MEMETERIA by Thomas May

Music & the Arts

No Joke

John Adams; photo (c) Deborah O’Grady

John Adams; photo (c) Deborah O’Grady

On the road: after being in the spotlight in Madrid for the Orquesta Nacional de España’s Carta Bianca Festival, John Adams is being celebrated this week by the Toronto Symphony with the New Creations Festival. The festival culminates on Friday with one of Adams’s most fascinating recent works, Absolute Jest. Here’s the essay I wrote for the original version of Absolute Jest on the occasion of its world premiere by the San Francisco Symphony and the Saint Lawrence String Quartet in 2012:

More than three decades have passed since the San Francisco Symphony gave its first world premiere of music by John Adams (the choral-orchestral Harmonium in 1981). The event marked the beginning of a longstanding relationship between composer and orchestra that has resulted in the commissioning of several landmark works: Adams’s breakthrough orchestral composition, Harmonielehre (a new recording of which the SFS has just been released), El Dorado, the millennial “nativity oratorio” El Niño, the opera A Flowering Tree, and My Father Knew Charles Ives.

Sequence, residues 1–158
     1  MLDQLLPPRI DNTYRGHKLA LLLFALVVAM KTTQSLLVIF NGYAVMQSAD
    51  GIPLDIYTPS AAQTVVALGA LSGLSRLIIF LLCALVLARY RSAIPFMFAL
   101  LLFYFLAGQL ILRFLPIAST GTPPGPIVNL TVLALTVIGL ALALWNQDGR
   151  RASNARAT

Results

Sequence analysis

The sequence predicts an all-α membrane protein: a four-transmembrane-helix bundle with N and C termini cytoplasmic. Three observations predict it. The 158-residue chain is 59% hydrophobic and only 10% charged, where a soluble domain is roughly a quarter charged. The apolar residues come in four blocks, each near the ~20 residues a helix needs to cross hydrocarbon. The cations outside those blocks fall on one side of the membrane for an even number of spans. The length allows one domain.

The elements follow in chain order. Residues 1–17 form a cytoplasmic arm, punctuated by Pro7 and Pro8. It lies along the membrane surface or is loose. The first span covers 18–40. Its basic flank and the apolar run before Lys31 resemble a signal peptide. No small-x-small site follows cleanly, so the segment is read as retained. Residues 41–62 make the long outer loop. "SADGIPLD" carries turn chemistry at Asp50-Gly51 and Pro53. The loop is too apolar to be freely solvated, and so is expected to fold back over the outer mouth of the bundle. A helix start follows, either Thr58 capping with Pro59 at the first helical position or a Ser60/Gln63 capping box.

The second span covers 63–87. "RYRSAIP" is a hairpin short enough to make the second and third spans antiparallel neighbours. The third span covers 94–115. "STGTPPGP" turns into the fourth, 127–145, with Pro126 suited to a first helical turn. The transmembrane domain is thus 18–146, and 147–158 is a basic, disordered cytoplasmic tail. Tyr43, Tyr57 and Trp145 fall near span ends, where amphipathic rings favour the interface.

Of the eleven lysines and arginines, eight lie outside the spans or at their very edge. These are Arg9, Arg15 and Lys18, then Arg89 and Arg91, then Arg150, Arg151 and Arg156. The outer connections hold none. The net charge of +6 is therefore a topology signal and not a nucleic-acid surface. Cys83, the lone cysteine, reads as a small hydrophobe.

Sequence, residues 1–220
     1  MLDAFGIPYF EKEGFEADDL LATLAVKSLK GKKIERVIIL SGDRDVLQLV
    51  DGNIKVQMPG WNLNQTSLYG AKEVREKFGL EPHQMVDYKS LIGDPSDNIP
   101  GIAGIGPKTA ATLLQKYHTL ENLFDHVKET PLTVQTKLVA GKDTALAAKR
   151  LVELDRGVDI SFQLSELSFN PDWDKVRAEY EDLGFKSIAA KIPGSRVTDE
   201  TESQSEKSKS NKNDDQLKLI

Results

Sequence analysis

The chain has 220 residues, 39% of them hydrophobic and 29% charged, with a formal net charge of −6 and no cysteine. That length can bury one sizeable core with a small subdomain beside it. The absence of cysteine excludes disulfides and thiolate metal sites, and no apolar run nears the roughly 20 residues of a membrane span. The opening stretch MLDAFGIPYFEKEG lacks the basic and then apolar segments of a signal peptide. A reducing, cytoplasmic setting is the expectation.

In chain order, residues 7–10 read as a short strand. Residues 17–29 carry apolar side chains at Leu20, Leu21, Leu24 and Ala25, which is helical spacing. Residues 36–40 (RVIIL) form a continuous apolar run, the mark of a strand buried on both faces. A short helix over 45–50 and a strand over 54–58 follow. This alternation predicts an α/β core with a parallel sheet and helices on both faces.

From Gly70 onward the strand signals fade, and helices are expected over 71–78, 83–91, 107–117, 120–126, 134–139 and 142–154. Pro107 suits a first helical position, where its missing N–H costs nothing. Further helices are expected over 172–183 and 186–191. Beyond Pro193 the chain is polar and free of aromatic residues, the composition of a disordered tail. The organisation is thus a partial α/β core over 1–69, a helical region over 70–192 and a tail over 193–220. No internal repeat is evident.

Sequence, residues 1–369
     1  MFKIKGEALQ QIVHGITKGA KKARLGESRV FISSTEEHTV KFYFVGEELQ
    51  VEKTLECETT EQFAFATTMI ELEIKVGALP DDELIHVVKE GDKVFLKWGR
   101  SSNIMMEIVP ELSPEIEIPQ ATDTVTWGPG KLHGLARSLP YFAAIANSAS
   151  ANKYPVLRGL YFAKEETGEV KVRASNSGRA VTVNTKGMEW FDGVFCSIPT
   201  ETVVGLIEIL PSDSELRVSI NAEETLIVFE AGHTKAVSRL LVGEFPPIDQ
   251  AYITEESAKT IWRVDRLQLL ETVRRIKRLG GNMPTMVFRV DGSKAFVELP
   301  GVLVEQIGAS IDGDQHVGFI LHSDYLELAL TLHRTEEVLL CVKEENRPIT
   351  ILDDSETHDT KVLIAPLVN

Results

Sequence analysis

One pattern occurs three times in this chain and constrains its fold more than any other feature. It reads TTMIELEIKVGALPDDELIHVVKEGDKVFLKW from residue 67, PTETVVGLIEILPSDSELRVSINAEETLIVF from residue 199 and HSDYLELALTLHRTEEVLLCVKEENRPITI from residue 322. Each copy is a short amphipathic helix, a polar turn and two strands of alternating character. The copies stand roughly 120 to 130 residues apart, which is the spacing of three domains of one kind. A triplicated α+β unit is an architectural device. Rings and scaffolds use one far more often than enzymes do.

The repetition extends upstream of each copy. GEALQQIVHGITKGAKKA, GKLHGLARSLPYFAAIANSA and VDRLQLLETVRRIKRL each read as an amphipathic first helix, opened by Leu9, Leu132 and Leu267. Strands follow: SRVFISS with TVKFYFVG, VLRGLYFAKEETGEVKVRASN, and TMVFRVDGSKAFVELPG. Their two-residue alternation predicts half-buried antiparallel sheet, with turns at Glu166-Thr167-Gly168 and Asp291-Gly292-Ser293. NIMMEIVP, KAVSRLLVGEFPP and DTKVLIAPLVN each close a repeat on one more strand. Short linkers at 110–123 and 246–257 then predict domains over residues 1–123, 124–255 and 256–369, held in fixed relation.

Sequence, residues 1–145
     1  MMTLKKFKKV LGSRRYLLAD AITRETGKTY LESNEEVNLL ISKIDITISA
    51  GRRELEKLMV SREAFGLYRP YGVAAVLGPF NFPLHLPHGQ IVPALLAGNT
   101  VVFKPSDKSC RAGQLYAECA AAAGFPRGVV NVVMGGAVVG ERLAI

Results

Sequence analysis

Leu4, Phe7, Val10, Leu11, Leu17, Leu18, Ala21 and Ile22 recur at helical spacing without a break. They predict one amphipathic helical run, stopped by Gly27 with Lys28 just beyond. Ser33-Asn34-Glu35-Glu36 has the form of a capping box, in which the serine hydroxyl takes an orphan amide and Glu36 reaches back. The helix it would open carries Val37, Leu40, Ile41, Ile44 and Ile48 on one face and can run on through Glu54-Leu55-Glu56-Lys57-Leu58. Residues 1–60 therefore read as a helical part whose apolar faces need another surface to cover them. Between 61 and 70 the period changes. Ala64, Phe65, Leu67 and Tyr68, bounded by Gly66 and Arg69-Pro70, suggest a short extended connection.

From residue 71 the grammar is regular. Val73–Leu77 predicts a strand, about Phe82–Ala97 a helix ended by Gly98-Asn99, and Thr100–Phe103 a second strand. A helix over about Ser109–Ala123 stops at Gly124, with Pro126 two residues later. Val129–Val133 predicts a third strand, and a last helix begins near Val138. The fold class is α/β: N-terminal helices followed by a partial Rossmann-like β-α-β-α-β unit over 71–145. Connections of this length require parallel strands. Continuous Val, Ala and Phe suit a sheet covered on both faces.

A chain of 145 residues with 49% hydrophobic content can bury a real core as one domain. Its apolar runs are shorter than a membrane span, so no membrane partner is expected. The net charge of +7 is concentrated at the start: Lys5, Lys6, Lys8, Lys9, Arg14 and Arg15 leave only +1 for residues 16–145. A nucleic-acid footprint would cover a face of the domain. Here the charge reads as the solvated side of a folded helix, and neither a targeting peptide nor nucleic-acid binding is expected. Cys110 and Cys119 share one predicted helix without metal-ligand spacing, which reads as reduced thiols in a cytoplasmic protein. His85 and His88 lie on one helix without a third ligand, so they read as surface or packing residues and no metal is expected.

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Filed under: American music, essay, John Adams, new music


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